Another memorable visit of that summer was to Chillitigham Castle in Northumberland, from whose towers we got views of Flodden Field and the scenes of "Marmion." The venerable Earl of Tankerville (who was a contemporary and supporter of Sir Robert Peel in Parliament), and his warm-hearted Countess, who has long been a leader in various Christian philanthropies, entertained us delightfully within walls that had stood for six centuries. In a forest near the Castle were the famous herd of wild cattle which are the only survivors of the original herd that roamed that region in the days of William the Conqueror. They are beautiful white creatures, still too wild to be approached very nearly; and Sir Edwin Landseer, an old friend of the Earl, has preserved life-sized portraits of two of them on the walls of the lofty dining hall of the castle. When the servants, gardeners and other retainers assembled for morning worship in the chapel, the handsome old Earl presided at the melodeon, and the singing was from our American Sankey's hymn-book, a style of music that would have startled the belted knights and barons bold who worshipped in that chapel five centuries ago.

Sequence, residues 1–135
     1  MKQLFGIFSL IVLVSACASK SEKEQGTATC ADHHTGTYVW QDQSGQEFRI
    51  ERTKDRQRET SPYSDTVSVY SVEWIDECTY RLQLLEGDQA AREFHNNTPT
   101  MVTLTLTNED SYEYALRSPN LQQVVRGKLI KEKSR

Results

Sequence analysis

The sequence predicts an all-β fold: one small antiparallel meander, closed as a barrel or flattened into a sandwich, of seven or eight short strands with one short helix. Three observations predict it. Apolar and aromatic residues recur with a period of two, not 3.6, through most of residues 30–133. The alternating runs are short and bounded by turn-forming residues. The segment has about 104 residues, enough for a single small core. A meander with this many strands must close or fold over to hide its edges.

While at Dundee, as the guests of Mr. Alexander H. Moncur, the Ex-provost of the city, I had the satisfaction of preaching in St. Peters Presbyterian Church, whose pastor, sixty years ago, was that ideal minister, Robert Murray McCheyne. The Bible from which he delivered his seraphic sermons was still lying on the pulpit. When I asked a plain woman, the wife of a weaver, what she could tell me about his discourses, her remarkable reply was: "It did me more good just to see Mr. McCheyne walk from the door to his pulpit than to hear any other man in Dundee." A fine tribute, that, to the power of a Christly personality. A sermon in shoes is often more eloquent and soul-convincing than a sermon on paper. I spent a very pleasant hour with sturdy John Bright, and he told me that he had more relatives living in America than in England. His reason for declining the invitation of our government to visit the United States was that he knew too well what our enthusiastic countrymen had in store for him. The separation of Bright and Gladstone on the question of Irish Home Rule had a certain tragic element of sadness. When I spoke of this to Mr. Gladstone, the old statesman of Hawarden tenderly replied: "Whenever I think now of my dear old friend, I always think only of those days when we were in our warmest fellowship" Among the many other recollections of foreign incidents I must mention a very delightful luncheon at Athens with Dr. Schlieman in his superb house which was filled with the trophies of his exploration of the Troad and Mycenae. I found him a most genial man; and he told me that he had never surrendered his American citizenship, acquired in 1850. It was very amusing to hear him and his Grecian wife address their children as "Agamemnon" and "Andromache" and I half expected to see Plato drop in for a chat, or Euripides call with an invitation to witness a rehearsal of the "Medea." Athens is to me the most satisfactory of all the restored cities of antiquity, every relic there is so indisputably genuine. My sunrise view from the Parthenon was a fair match for a midnight view I once had of Olivet and Gethsemane.